Although not strictly related to the Yew Tree Inn, the locals drinking in the pub must have had first hand knowledge of this strange story that made news in the Gloucester Journal on January 28th, 1882:

‘An extraordinary freak of nature has occurred at Walls Quarry, near Stroud. A pig belonging to a man named Lyddiatt give birth last week to a litter of young ones, and amongst them was a creature more resembling an elephant than anything. It was devoid of hair on the skin as is an elephant, and has a trunk, large teeth, enormous ears (which lie back against its side), large head with massive forehead, and a long tail. The only thing about it resembling a pig is its hoofs, which are cloven, and something resembling a snout, immediately beneath the trunk. The animal was born alive and appeared vigorous, but the owner of the litter, not caring for the appearance of the strange creature, threw it out of the stye, and it died of cold. It is intended to preserve it in spirits.’

The Yew Tree was located on the road to Burleigh and Minchinhampton overlooking the Thrupp valley. It pulled its last pints in 1979. The 4th edition of CAMRA ‘Real Ale in Gloucestershire’ published in July 1978 described the Yew Tree as a ‘basic pub’. It served the ubiquitous Whitbread PA on handpump. After closure it became a restaurant but it is now a private house.

The Tippler: No.15. March 1979 – Pub News: The Yew Tree at Burleigh has now closed.

A regular at the pub Fred Willis, wrote a poem about the Yew Tree Inn which was published in the trade paper, the ‘Morning Advertiser’ on September 3rd 1927. The unliterary composition was probably composed after the consumption of several pints of strong Stroud Ales.

I thank my maker every day for all the things I see,

Of beauty in my native land whatever it might me,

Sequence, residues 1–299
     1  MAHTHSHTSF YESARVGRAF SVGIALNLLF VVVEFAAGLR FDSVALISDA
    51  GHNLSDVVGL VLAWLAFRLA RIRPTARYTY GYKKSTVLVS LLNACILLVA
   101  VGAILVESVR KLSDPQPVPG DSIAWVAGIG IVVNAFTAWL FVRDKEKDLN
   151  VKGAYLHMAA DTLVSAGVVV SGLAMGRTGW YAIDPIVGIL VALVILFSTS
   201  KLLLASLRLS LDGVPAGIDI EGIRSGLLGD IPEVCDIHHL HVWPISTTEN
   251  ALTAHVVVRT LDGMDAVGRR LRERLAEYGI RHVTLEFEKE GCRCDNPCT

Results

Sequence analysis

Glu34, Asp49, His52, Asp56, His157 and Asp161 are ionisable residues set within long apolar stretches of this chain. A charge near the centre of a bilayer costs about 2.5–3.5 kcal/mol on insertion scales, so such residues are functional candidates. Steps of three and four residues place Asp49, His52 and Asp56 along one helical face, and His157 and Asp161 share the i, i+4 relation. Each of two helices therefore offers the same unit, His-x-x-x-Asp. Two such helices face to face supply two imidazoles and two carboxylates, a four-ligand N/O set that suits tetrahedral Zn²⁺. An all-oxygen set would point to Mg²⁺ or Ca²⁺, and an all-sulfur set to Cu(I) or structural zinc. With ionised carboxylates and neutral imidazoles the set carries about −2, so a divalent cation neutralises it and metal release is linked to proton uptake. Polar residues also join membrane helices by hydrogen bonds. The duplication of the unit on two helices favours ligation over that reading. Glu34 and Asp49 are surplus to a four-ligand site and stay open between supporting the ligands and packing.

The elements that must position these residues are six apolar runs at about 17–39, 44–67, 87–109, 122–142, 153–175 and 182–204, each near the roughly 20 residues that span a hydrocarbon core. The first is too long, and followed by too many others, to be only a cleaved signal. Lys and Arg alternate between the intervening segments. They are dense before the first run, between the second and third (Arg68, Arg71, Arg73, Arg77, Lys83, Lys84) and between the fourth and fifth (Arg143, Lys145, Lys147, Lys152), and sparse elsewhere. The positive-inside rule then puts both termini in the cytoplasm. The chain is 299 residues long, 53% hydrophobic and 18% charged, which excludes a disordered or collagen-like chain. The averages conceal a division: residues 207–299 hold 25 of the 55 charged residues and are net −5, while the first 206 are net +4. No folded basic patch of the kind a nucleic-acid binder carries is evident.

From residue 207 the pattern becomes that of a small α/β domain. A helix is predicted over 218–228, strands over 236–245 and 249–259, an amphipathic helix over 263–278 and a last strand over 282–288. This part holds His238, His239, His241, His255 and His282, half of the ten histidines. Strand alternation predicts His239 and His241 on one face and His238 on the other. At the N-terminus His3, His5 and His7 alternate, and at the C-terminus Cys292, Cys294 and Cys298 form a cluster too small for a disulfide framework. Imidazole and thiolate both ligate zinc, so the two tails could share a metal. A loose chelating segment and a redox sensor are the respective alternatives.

And here is a beauty of a kind, I’ve never seen before,

Where hills and valleys lie around for fifty miles more.

Some nights ago I took my seat within the old Yew Tree,

And from the windows left and right, the view was more to me,

Than all the gold that glitters in the world of wealth and sin,

For here was nature all divine around the Yew Tree Inn.

Deep down within the verdant vales the cloth mills could be seen,

But not a bit unpicturesque in such a wealth of green,

While here and there amid the trees a house came peeping through,

And that was all there was of life within a mile or two.

The mill hands use the Yew Tree where it is a joy to go,

To have a rest upon the hill when climbing from below,

They gather in the cosy rooms and have a friendly game,

Of darts or quoits, whichever suits their fancy or their fame,

For one or two are reckoned great at this, if nothing more,

As deft as darts and quick as quoits as any gone before.

A genial host and hostess keep the friendly spirit going,

No matter how the world may wag, or what is paid or owing,

How sweet it is to find a spot where perfect peace is dwelling,

I’ll never forget the Yew Tree Inn.. or George and Laura Snelling.

The Citizen, 8th October 1987 – Woman (74) died after pub game: A retired Stroud landlady who collapsed during a game of crib died soon after she reached Gloucestershire Royal Hospital. Mrs Nancy Vines (74), of Horns Road was playing for the Golden Fleece at the Royal British Legion Club in Cainscross.

For 30 years she ran the Old Yew Tree Inn at Wallsquarry, Brimscombe, with her husband Jack until the pub was closed in 1978.

Map Reference:  SO 867022

Licensing Details:

Rateable Value 1891:  £8.0s.0d.

Type of licence in 1891: Full

Owner in 1891: Stroud Brewery

Rateable Value 1903:  £8.0s.0d

Type of licence in 1903: Full

Owner in 1903: Stroud Brewery

Closing time in 1903: 10 pm

Landlords at the Yew Tree Inn include:

1856 P. Griffin

1885 William Henry Denman

1891 Richard Jones Roberts

1903 James Workman

1906 James Workman

1919,1939 George Albert Snelling

1948-1978 Jack and Nancy Vines

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